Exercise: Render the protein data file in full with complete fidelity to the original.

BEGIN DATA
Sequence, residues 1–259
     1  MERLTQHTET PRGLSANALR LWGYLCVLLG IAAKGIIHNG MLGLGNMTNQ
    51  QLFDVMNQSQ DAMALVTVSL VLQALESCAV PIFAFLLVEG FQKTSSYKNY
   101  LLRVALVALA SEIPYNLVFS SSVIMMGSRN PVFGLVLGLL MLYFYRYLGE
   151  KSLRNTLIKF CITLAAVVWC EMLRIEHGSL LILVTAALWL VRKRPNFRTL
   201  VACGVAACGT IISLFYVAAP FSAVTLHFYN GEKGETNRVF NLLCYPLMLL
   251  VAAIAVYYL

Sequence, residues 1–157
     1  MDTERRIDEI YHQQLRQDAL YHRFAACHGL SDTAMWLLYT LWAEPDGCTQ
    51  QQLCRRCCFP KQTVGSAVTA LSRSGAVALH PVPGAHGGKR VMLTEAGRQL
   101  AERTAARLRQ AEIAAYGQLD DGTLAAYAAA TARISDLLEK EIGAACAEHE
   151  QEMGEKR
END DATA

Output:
Sequence, residues 1–259
     1  MERLTQHTET PRGLSANALR LWGYLCVLLG IAAKGIIHNG MLGLGNMTNQ
    51  QLFDVMNQSQ DAMALVTVSL VLQALESCAV PIFAFLLVEG FQKTSSYKNY
   101  LLRVALVALA SEIPYNLVFS SSVIMMGSRN PVFGLVLGLL MLYFYRYLGE
   151  KSLRNTLIKF CITLAAVVWC EMLRIEHGSL LILVTAALWL VRKRPNFRTL
   201  VACGVAACGT IISLFYVAAP FSAVTLHFYN GEKGETNRVF NLLCYPLMLL
   251  VAAIAVYYL

Sequence, residues 1–157
     1  MDTERRIDEI YHQQLRQDAL YHRFAACHGL SDTAMWLLYT LWAEPDGCTQ
    51  QQLCRRCCFP KQTVGSAVTA LSRSGAVALH PVPGAHGGKR VMLTEAGRQL
   101  AERTAARLRQ AEIAAYGQLD DGTLAAYAAA TARISDLLEK EIGAACAEHE
   151  QEMGEKR